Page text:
In fact, Grace’s experience came the morning after a particularly horrible experience I’d had on a train the night before. My heartmate and I sat down opposite a man who we did not know and he was talking across the isle to another gentleman. Shortly afterwards he began to speak loudly and aggressively against homosexuality. He was adamant that gay culture was embarrassing, disgusting and should, at the very least, be kept under wraps and behind closed doors so ‘normal’ people in society don’t have to suffer it. We both felt immensely uncomfortable; sick to the pit of our stomachs – a mix of terrified cold sweats and searing anger. It was distressing and unnerving to be sat opposite a man with such aggressive, bigoted views.Yet, I am disappointed in myself because I didn’t say anything to him. I’d had the opportunity to enlighten him and try to show him that gay people are everywhere, and that we are no different from any other member of society with heterosexual desires or otherwise. But I was frightened and scared by stories of violent homophobic attacks that have taken place. I left the train feeling like a coward; my inner monologue telling me I could have done so much more.Then, the following morning, I was having treatment from an Osteopath on my back and we were talking about the Holidays and were each of us spends Christmas. He asked me if I went home alone to my parents and I said yes. It was completely ridiculous but I suddenly felt awkward about having to explain that I was gay and married to a man. I’m not ashamed of it at all, and in retrospect I am almost certain that he would have had no issue with it. Yet the previous night’s event was lingering with me and stupidly I bottled it and skirted the truth to save it being a potential issue. I felt so cross at myself for doing something so stupid. There are so many LGBT people in the world facing far graver and more distressing situations than this, and it’s really made me realise how fortunate I am to have (touch wood) only had verbal attacks due to being gay in my life. It’s odd to write that I feel fortunate because of that, but in comparison to so many others, I really am.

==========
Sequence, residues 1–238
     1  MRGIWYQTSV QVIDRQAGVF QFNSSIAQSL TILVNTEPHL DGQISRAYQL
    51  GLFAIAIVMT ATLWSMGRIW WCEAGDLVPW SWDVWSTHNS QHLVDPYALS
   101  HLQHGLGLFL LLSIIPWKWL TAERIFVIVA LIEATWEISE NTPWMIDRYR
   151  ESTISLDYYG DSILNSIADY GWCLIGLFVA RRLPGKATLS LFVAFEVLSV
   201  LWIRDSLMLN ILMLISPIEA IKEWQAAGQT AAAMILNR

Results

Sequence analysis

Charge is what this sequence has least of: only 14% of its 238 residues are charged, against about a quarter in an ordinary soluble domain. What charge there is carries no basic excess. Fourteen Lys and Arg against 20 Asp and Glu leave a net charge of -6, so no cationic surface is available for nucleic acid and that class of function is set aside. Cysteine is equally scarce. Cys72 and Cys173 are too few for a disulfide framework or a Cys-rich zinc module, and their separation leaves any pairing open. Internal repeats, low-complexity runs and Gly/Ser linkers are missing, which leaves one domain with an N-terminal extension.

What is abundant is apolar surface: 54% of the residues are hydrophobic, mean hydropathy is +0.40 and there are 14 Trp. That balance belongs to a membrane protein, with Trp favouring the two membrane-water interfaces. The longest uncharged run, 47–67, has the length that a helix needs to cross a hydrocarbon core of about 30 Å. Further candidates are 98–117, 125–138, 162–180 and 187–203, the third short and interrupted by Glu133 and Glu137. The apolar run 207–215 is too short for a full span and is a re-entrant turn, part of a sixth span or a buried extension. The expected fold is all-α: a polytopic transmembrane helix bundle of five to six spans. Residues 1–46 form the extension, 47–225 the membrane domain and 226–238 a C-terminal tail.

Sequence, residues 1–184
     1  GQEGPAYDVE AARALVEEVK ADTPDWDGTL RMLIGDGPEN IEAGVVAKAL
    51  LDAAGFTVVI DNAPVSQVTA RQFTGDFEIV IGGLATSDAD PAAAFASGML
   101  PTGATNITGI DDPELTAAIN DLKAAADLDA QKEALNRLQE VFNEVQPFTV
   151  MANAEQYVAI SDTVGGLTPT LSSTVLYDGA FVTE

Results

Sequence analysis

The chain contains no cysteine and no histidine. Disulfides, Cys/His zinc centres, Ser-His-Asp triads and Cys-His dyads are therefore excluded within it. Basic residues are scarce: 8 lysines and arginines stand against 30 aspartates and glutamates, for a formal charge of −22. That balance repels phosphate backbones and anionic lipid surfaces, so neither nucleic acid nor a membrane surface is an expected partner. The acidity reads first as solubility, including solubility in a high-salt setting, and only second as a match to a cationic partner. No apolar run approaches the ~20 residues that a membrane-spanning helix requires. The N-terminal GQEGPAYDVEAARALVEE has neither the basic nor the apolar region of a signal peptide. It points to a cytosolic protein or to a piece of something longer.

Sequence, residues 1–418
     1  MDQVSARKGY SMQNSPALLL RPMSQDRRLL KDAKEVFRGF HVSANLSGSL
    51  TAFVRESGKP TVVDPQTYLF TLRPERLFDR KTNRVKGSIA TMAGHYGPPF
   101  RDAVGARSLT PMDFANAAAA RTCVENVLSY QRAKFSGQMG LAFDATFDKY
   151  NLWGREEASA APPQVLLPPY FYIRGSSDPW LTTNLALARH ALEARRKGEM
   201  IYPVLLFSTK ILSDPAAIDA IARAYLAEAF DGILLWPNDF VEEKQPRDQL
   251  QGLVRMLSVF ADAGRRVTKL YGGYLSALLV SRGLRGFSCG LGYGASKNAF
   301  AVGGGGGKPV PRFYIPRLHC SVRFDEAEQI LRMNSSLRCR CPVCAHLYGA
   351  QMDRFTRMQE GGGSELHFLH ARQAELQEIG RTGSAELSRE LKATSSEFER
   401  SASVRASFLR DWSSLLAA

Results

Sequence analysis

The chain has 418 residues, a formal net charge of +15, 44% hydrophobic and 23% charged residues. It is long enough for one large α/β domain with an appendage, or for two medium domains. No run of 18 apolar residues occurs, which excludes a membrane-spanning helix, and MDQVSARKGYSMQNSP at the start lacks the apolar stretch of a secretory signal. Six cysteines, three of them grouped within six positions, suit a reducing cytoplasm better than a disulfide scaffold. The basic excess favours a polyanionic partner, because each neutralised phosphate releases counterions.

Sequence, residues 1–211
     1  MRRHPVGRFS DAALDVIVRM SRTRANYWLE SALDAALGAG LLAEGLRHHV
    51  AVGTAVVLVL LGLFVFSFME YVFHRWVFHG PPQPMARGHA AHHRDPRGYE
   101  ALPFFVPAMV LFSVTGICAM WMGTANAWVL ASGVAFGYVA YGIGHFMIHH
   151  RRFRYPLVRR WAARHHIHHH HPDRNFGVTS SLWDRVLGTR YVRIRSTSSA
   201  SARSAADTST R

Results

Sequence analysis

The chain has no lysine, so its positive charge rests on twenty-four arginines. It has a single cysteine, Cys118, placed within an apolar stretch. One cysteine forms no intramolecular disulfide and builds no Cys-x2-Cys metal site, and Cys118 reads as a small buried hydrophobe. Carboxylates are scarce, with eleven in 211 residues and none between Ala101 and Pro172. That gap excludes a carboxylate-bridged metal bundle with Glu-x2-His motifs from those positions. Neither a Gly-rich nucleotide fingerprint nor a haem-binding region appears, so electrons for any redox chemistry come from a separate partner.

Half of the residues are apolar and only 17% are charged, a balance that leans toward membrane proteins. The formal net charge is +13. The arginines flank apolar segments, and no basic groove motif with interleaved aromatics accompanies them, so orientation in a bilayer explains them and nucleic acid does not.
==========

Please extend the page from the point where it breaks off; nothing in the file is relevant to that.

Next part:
So as I shared my feelings with Grace (seen above with her wife, Julia, and their dog, Hope), who too had sadly been in similar situations, we agreed that we both wanted to try and do more to raise LGBT equality and awareness in our respective online communities – and hopefully beyond. We talked about how acceptance and understanding are regrettably not where it should be in other sectors of society, too. This led us to create #wearefamily2014 – a project that celebrates the diversity in family and champions equality for all no matter the race, religion, sexuality, gender and so on. The premise is simple: share an Instagram of what family at home looks like for you with the hashtag #wearefamily2014, and it will automatically feed through (only for newly posted images, not old images with the hashtag added to them at a later date; you can see all the images by searching the #wearefamily2014 hashtag on Instagram directly) to the #wearefamily2014 Tumblr page. Our hope is this accumulation of family photographs from across the world will show a united stand for equality, and be a celebration of the diversities of families across our globe. Here’s to taking steps forward to equality for all!
// Photography by Jean Laurent Gaudy, bar the last picture by Grace Bonney